Academics say CECA is a unification trade trap

THREAT: The MAC chief defended the government's stand on inking a CECA, saying it would cause neither an influx of Chinese workers nor products into Taiwan

By Jenny W. Hsu and Mo Yan-chih  /  STAFF REPORTERS

Fri, Feb 20, 2009 - Page 1

Signing a Comprehensive Economic Cooperation Agreement (CECA) with China is just one step from de jure unification, academics said yesterday, accusing the government of being over-reliant on Beijing while neglecting the implementation of effective measures to solve the domestic economic crisis.

Speaking at a forum held by Taiwan Advocates, economists said that inking a CECA with Beijing would deter foreign investors from doing business in Taiwan, as most of the benefits would go to China while Taiwan’s unemployment rate would continue to skyrocket.

A CECA would merely be a “morphine drip” to temporarily relieve Taiwan’s financial woes without curing the ailment. As Taiwan becomes addicted to Beijing’s handouts, it would eventually lose its economic autonomy and, in the end, its sovereignty, said Kenneth Lin (林向愷), professor of economics at National Taiwan University.

“When a country loses its economic autonomy, it loses its sovereignty,” he said, urging pro-government economists and industrialists to “stop beautifying the ugliness of China’s economy.”

“President Ma Ying-jeou’s (馬英九) flawed China-centric policy will only see Taiwan’s economy and the nation deteriorate further. He does not deserve to call himself a Taiwanese,” Lin said.

He said the nation’s competitiveness would plummet if the Ma administration refused to diversify investments away from China.

Lin said Taiwan could end up in a worse position than Hong Kong, whose GDP growth slowed from 23.6 percent in 1997 to 5.2 percent in 2001 as its top resources flocked to China after the handover.

EU Study Association director Steve Wang (王思為) questioned the legitimacy of an economic treaty with China, including what title and status Taiwan would hold in such an agreement.

“Can the government guarantee that Taiwan will be on an equal footing with China and not be reduced to an administrative region? The government has yet to fully explain to the public the pros and cons of a CECA,” he said, suggesting that the agreement undergo a legislative review or a referendum before ratification.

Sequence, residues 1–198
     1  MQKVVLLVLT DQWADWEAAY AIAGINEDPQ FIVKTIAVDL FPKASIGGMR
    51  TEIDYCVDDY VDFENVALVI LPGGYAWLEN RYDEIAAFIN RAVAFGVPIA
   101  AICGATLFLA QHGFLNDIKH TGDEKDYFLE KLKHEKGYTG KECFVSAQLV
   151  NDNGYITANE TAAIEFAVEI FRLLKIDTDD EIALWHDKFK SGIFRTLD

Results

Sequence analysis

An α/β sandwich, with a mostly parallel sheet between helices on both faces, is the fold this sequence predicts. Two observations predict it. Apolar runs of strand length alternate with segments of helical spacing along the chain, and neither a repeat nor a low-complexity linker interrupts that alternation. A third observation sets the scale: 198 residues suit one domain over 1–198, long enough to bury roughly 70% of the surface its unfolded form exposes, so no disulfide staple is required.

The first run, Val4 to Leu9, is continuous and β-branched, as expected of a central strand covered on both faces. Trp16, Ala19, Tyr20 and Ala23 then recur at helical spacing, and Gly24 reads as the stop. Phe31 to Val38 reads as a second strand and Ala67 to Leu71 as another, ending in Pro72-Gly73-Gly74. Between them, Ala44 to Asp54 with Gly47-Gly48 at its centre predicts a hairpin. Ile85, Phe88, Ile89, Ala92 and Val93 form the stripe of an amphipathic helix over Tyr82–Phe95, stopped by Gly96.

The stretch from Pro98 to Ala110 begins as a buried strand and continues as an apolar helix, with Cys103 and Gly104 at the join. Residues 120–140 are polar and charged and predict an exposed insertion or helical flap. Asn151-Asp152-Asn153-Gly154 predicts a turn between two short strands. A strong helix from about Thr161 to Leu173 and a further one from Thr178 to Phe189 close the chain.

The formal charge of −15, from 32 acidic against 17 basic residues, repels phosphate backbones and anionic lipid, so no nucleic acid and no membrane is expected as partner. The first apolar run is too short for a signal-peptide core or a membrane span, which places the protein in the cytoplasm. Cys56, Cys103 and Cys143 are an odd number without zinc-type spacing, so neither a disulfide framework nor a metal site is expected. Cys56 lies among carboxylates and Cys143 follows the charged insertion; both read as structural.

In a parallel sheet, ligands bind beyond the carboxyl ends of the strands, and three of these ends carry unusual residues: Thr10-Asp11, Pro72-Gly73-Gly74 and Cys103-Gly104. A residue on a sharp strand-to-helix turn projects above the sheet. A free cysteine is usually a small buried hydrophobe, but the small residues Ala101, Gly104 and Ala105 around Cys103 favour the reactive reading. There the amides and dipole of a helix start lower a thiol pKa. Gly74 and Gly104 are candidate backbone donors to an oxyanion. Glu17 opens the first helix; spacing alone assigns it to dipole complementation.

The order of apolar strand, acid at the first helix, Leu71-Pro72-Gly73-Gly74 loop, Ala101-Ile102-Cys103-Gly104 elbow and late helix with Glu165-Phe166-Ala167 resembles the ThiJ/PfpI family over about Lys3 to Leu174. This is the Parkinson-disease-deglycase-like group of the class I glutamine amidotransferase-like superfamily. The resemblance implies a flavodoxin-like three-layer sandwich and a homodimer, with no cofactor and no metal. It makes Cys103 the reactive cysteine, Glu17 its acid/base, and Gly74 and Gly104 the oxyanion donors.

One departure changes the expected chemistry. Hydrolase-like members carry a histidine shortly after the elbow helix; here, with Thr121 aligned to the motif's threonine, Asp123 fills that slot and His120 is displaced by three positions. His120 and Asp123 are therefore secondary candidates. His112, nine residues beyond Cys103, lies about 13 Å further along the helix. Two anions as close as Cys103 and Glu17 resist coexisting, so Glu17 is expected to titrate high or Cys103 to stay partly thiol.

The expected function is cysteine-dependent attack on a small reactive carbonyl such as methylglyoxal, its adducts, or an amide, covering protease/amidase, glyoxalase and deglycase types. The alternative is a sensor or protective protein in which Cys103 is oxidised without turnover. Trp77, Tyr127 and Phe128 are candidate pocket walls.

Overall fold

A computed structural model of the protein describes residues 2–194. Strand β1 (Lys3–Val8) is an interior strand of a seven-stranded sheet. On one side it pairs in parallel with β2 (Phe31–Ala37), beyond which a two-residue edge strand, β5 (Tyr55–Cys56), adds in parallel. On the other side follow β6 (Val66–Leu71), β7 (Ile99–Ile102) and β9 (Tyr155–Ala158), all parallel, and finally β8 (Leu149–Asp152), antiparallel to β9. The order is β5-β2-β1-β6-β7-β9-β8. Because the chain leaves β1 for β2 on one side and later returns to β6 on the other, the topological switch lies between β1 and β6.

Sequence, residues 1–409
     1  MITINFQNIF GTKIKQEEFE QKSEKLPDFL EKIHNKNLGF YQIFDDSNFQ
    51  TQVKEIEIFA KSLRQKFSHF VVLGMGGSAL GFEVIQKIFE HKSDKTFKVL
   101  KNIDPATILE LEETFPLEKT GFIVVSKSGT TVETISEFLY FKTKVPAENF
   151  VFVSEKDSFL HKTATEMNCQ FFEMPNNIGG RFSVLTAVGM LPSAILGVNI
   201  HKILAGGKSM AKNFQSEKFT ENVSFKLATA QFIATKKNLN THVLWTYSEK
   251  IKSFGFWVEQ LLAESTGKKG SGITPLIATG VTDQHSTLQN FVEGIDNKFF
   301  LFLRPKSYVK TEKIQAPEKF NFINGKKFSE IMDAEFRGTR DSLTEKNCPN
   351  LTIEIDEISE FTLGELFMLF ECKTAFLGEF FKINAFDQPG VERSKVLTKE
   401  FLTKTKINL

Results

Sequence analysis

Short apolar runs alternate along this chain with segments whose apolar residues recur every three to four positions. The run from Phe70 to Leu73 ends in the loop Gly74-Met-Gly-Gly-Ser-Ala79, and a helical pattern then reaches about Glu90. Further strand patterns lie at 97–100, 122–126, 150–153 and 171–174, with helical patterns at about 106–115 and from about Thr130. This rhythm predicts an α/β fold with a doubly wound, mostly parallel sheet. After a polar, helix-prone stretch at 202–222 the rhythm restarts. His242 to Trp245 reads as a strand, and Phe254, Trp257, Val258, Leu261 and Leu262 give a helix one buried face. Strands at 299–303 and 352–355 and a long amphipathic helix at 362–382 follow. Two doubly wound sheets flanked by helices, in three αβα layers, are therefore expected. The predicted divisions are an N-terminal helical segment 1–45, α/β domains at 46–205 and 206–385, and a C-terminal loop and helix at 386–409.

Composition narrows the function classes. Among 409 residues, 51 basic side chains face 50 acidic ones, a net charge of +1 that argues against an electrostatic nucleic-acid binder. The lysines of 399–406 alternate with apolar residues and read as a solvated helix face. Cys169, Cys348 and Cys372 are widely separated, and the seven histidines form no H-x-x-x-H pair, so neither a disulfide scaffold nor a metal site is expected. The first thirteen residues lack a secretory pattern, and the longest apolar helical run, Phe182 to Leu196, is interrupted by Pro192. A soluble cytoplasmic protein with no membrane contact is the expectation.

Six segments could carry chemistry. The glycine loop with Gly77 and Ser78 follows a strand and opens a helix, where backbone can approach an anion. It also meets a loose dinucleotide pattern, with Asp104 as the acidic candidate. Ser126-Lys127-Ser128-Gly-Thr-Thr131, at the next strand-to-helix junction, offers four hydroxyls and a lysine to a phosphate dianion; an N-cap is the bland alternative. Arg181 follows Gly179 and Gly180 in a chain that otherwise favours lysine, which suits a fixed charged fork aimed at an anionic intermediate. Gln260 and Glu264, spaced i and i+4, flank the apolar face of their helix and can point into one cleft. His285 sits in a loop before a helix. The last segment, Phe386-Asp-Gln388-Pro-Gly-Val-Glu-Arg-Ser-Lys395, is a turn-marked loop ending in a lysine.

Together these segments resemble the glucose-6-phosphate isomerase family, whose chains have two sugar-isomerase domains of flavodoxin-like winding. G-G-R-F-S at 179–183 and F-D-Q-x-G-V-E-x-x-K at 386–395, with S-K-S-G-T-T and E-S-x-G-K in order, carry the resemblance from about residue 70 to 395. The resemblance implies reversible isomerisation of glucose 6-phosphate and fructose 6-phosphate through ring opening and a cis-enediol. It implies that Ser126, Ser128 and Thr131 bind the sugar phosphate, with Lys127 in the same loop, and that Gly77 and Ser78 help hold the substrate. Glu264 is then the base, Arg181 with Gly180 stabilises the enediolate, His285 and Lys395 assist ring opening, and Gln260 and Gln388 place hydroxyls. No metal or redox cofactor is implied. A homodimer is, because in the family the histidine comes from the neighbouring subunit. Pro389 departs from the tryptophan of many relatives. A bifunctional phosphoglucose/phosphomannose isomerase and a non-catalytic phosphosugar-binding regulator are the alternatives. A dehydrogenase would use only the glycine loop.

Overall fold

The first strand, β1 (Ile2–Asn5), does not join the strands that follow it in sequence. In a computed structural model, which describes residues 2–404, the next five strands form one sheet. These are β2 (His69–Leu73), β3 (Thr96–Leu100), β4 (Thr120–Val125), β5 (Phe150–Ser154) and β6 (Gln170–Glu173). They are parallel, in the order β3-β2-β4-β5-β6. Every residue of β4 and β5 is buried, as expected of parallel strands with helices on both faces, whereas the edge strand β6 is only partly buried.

Wang criticized the administration for telling the public that signing a CECA with China would secure economic advantages and comparing the agreement to the formation of the EU.

“The European nations formed a union to consolidate their strengths to solidify their place in the world. But Taiwan is leaning heavily on a less developed country to boost its own economy. What kind of logic is that?” Wang said.

Hung Tsai-lung (洪財隆), an associate research fellow at the Taiwan Institute of Economic Research, said Taiwan could lose its bargaining power if it panders to Beijing’s wishes.

Hung proposed negotiating a free trade agreement (FTA) or CECA with China under the WTO’s guidance and in accordance with the global organization’s laws.

Both Taiwan and China are WTO members.

Taiwan must demand that Beijing demonstrate goodwill prior to signing any agreement, such as stopping its efforts to block other nations from signing FTAs, he said.

Taiwan has signed FTAs with five of its diplomatic allies — El Salvador, Honduras, Panama, Guatemala and Nicaragua — the Ministry of Foreign Affairs said.

Meanwhile, Mainland Affairs Council Chairwoman Lai Shin-yuan (賴幸媛) yesterday defended the government’s plan to sign a CECA with China, saying it was not tantamount to a full liberalization of trade and exchanges with China.

Dismissing Democratic Progressive Party (DPP) Chairperson Tsai Ing-wen’s (蔡英文) criticism that a CECA would marginalize local industries, Lai said the pact would promote cross-strait economic exchanges without damaging Taiwan’s economic independence.

Lai said in an article published in the Chinese-language United Daily News yesterday: “The opposition party confuses the CECA with a free trade agreement. Taiwan would never implement a full opening to mainland China regardless of the agreements signed to normalize cross-strait economic exchanges.”

Lai brushed off Tsai and the DPP’s concerns about the agreement’s threat to local businesses and workers, saying the president had promised on several occasions that the government would not allow Chinese workers or more Chinese agricultural products to enter the domestic market as part of the agreement.

In an interview with the Taipei Times on Wednesday, Ma reiterated the government’s plan to sign a CECA with China, but repeated his promise that he would not permit an influx of Chinese workers nor an increase in imports of Chinese agricultural products after the pact is signed.

Lai said the government would evaluate the effectiveness and consequences of the CECA, and protect local industries and Taiwan’s sovereignty in the process of the normalization of cross-strait economic and trade exchanges.

The signing of a CECA will affect people’s lives, and the issue should not be simplified into a matter of ideology, she said.

It is unrealistic to treat the CECA as a panacea for the nation’s economic woes, she said.

It was also hasty to assert that the agreement will come at the cost of Taiwan’s sovereignty and economic independence, she said.